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John Craig keyed the work that led to the McKenzie Highway, opening up Valley to Central Oregon; died on its summit as mail deliverer

PHOTO COURTESY OF BOWMAN MUSEUM - Workers building the John T. Craig Memorial on McKenzie Highway pause for a photo.A lonely gravestone marker is located just west of McKenzie Pass along the McKenzie Highway. It is a slab of rock with a bronze plaque affixed that tells a story a history and epitaph for John T. Craig.

John Templeton Craig was a pioneer of the McKenzie Valley in the 1860s. He was part of a road work crew that carved a primitive road up the McKenzie River and over the Cascade Range in 1862. He was hired by Felix Scott, Jr. to assist in the effort as a means to get cattle to the gold fields of Idaho.

Craig became obsessed with the idea of building a useful wagon road up the McKenzie and over the mountains to Central and Eastern Oregon. He was not the only person interested in such an idea. Between 1862 and 1871, at least five companies attempted the job choosing various routes. All failed to complete their project. Craig located his base of operations at what was then known as Craig's Bridge on the upper McKenzie. The site later became known as McKenzie Bridge.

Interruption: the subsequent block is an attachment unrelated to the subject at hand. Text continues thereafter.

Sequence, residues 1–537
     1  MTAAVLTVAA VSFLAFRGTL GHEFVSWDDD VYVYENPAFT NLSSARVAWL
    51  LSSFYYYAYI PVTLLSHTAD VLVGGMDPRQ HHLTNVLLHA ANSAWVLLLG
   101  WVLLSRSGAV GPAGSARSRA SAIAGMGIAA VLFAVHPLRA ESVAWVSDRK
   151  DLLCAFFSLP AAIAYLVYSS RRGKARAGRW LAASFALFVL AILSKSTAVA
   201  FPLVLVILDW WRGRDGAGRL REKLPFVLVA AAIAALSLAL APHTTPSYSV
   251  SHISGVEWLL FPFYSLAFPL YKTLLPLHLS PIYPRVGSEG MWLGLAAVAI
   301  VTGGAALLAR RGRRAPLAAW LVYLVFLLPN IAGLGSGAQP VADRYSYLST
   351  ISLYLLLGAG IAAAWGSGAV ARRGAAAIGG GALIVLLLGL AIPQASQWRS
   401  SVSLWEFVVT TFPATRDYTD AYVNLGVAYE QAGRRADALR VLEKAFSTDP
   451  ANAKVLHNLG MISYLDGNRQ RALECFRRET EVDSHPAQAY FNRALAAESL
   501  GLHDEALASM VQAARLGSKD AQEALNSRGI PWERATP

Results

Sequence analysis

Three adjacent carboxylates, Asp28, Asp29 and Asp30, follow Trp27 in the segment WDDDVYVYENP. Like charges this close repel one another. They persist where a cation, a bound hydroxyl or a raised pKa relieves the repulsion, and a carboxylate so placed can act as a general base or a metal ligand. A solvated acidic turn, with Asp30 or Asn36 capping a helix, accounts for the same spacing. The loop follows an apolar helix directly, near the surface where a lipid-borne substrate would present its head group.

He directed all of his effort to building a road, sometimes on borrowed funds, sometimes with nothing more sustaining than his own determination. He became the president of the first company to succeed in cutting a functioning road across the McKenzie route. In 1871, Craig's company — The McKenzie Salt Springs and Des Chutes Wagon Road Company — filed articles of incorporation. The road was to run from the end of Lane County road across McKenzie Bridge, and over the low pass at Lost Creek Canyon. The terminus would be the Deschutes River. The route led across the lava beds that was about 1,000 feet lower than the Scott Trail.

The road was opened about 1872. Tolls were collected by the company at McKenzie Bride and later at Blue River. Craig was not associated with the company much after the road was completed. In 1877, he was hired to ride the mail between Eugene and Camp Polk. He died of exposure near the McKenzie summit.

On July 10, 1930, a monument was dedicated to his memory by the Oregon Rural Letter Carriers Association. The memorial is located not far from where he died. The monument is also his grave.


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